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JAMM AQUINO / JAQUINO@STARADVERTISER.COM
Pat Sajak, left, and Joe Moore have been friends for decades, often joining forces in comedy plays. Sajak called “Dial M for Murder” “a nice change of pace.”
JAMM AQUINO / JAQUINO@STARADVERTISER.COM
Joe Moore, left, and Pat Sajak star in “Dial ‘M’ for Murder” with proceeds going to maintaining the historic 96-year old Hawaii Theatre.
Joe Moore and Pat Sajak met during the Vietnam War when they were broadcasters on Armed Forces Radio in Saigon. The friendship that started in wartime Vietnam grew through the years that followed as they enjoyed success in their chosen professions — Moore as Hawaii’s highest-rated television newscaster, Sajak as the genial host of “Wheel of Fortune,” one of America’s most popular television game shows.
That friendship will bring Sajak back to Hawaii this month when he joins Moore on the stage of Hawaii Theatre for a fundraiser production of “Dial M For Murder.” The show opens Thurday. All proceeds go towards the cost of maintaining the historic 96-year old landmark.
Moore stars as Tony Wendice, an English tennis pro now retired, who discovers that his wife, Margot Wendice, has been cheating on him with an American television writer, Max Halliday. Tony puts a plan in motion to have Morgot killed under circumstances that will make it look like a burglary gone wrong, but — Spoiler Alert! Spoiler Alert! Spoiler Alert! — things don’t go as planned.
“DIAL ‘M’ FOR MURDER”
Starring Joe Moore and Pat Sajak
>> Where: Hawaii Theatre, 1130 Bethel St.
>> When: 7 p.m. Thursday; continues at 7 p.m. June 22 and June 23, 2 p.m. June 23 and June 24, 7 p.m. June 27 through June 30 and 2 p.m. June 30 and July 1
>> Cost: $20 to $75
>> Info: 528-0506, hawaiitheatre.com
“I never saw the play, but for some reason I liked the movie a lot,” Sajak said, calling from New York during a conference call that also brought Moore on the line in Hawaii.
“You’re a tech guy at heart,” Moore said to Sajak, who engineered the call, when the connection was secure and it had been established that everyone could hear everyone.
Sajak modestly downplayed his technical skills, saying that he was “rather proud” of himself for actually being able to set up a conference call without cutting someone off. Moore replied that compared to Sajak he was so low-tech “that I still have a black-and-white TV.”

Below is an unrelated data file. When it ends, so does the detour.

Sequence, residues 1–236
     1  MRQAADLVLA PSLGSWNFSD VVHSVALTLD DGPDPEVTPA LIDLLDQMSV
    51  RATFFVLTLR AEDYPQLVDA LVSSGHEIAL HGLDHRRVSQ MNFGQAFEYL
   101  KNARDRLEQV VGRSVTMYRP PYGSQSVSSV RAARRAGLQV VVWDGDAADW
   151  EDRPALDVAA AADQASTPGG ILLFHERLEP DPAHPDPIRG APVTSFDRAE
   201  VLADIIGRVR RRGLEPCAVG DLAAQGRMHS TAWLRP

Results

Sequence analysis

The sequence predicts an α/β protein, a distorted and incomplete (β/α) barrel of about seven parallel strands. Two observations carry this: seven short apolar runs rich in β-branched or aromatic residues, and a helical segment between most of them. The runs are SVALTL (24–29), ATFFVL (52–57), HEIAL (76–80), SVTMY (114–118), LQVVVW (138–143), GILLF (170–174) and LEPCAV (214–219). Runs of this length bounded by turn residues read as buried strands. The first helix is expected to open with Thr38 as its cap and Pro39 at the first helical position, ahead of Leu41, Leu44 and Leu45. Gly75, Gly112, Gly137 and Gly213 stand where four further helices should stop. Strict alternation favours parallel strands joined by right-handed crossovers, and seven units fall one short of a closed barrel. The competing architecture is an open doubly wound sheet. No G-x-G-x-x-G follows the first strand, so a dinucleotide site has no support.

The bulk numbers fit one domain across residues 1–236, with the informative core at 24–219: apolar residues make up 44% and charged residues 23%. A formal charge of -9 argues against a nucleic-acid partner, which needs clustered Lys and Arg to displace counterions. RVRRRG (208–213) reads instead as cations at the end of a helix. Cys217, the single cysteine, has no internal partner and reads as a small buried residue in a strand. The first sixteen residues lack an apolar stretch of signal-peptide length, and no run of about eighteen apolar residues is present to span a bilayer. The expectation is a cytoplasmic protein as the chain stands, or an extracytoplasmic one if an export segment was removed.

“Joe is absolutely the worst,” Sajak responded good-naturedly. “He’s proud of it.”
“Never had a cell phone. Never had a cell phone. Never gonna get a cell phone,” Moore chanted triumphantly.
The exchange may sound silly, but the camaraderie and sense of mutual admiration between them was unmistakable.
“DIAL M For Murder” was first presented on BBC Television in 1952 and opened on Broadway later that year. Alfred Hitchcock directed the Hollywood film version in 1954.
Sajak likes the play for several reasons.
“It’s as much fun as adultery and murder can be,” he explained.
“Joe and I have done mostly lighter stuff, comedic stuff, and I thought it might be a nice change of pace to do this. Of course that’s easy for me to say, because I wanted Joe to do the part with an English accent. It’s easy for me to have fun with it and now he’s having to work. How are you coming with it, Joe?”
“Oh, quite well,” Moore replied in what most Americans would accept as a British accent. “With a little assistance from David Stern, who is an accent specialist, I’ve been working on it now for about six months. Do I sound French?”
Sajak plays Halliday, with Stacy Ray as Margot Wendice, Nigel Bannister as Captain Lesgate and Timothy Jeffreys as Chief Inspector Hubbard.
The show is the fifth for Moore and Sajak here. Their partnership as stage actors began with “The Odd Couple” in 2001 (Moore was Oscar; Sajak was Felix), after which came a theatrical adaptation of “The Honeymooners” in 2004 (Moore was Ralph Kramden; Sajak was Ed Norton). They reunited again for “The Boys in Autumn” in 2010 (Moore was Huck Finn, Sajak was Tom Sawyer), and for “Wrestling Ernest Hemingway” in 2014.